General Admission

What if Mayweather suddenly unretire?

By Al S. Mendoza

MANNY Pacquiao keeps saying he won’t retire.  N’yet.

This, even as he just fought his toughest bout the last five years.

This, even as he almost lost to Keith Thurman—in the eyes of the judges.

This, even as he looked truly vulnerable on July 21 against Thurman in Las Vegas, Nevada.

While Tim Cheatham and Dave Moretti made Pacquiao the winner with similar close scores, their fellow judge Glenn Feldman picked Thurman.

The result alone should make Pacquiao seriously asses what lies ahead.

The split decision win didn’t look good at all, period.

Even Pacquiao’s trainer for the last 18 years or so has expressed alarm.

“If there is one person who knows Pacquiao that well, it’s me,” said Roach, who started handling Pacquiao in 2001.

He didn’t say it categorically, but Roach’s body language shows he wants his ward to quit.  Now.

The last time he suggested retirement, Roach got fired by Pacquiao.

That was in 2017, after Australian Jeff Horn upset Pacquiao by decision in their forgettable “Battle in Brisbane” in Australia.

But the true warrior that he is, Pacquiao rebounded just as quick—winning his last two fights against Lucas Matthysse and Adrien Broner.

Then Pacquiao picked Thurman for his 71st fight.

It nearly cost him a career-ending move.

The unbeaten Thurman proved to be a worthy opponent.

His 29-0 record, with 22 knockouts and one no-contest, was not a fluke after all.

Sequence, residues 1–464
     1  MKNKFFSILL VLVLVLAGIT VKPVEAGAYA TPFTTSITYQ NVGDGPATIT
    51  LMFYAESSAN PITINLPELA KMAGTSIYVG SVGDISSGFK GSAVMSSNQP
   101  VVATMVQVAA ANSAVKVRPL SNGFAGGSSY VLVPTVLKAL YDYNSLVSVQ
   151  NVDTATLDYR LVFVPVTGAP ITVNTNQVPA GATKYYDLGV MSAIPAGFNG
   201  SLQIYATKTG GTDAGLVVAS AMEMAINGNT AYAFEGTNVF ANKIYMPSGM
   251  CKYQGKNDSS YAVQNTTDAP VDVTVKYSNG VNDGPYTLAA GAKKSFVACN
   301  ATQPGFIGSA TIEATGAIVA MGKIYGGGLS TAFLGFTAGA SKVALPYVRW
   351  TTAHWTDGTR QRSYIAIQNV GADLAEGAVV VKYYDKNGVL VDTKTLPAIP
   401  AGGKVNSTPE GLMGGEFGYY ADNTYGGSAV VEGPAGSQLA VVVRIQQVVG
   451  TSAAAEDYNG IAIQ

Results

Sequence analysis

From the sixth-round onward, Thurman gave Pacquiao a punishment so severe it virtually transformed the fighting senator into a punching bag.

Only Pacquiao’s wealth of experience and tough as nails veneer saved him from certain defeat.

But despite the brutal battering that he absorbed, Pacquiao insisted he wasn’t done.

“Fighting is my passion,” he said.  “I am not retiring.  But this year, I’m through with boxing.”

Really?  What if Floyd Mayweather Jr. suddenly burst into the scene again to declare that he is unretiring?

That might prod Pacquiao to make a U-Turn.

For, if there’s one fighter that Pacquiao is aching to meet again, that’d be Mayweather.

He is still smarting from his 2015 loss on points to Mayweather that Pacquiao has not stopped harping on a rematch.

For sure, it will be another blockbuster at the tills should it happen this year.

Didn’t their first fight amass nearly $650 million to become the biggest purse in boxing?

Well, for Pacquiao, it’s not just the money angle but, more importantly to him, the pride.

They are old at both aged 40-plus but Pacquiao inflicting Mayweather a first-ever loss in 51 fights is an incentive as lucrative as becoming president of the Philippines.

It’s an impossible dream, yes, but isn’t Pacquiao a big-time dreamer?

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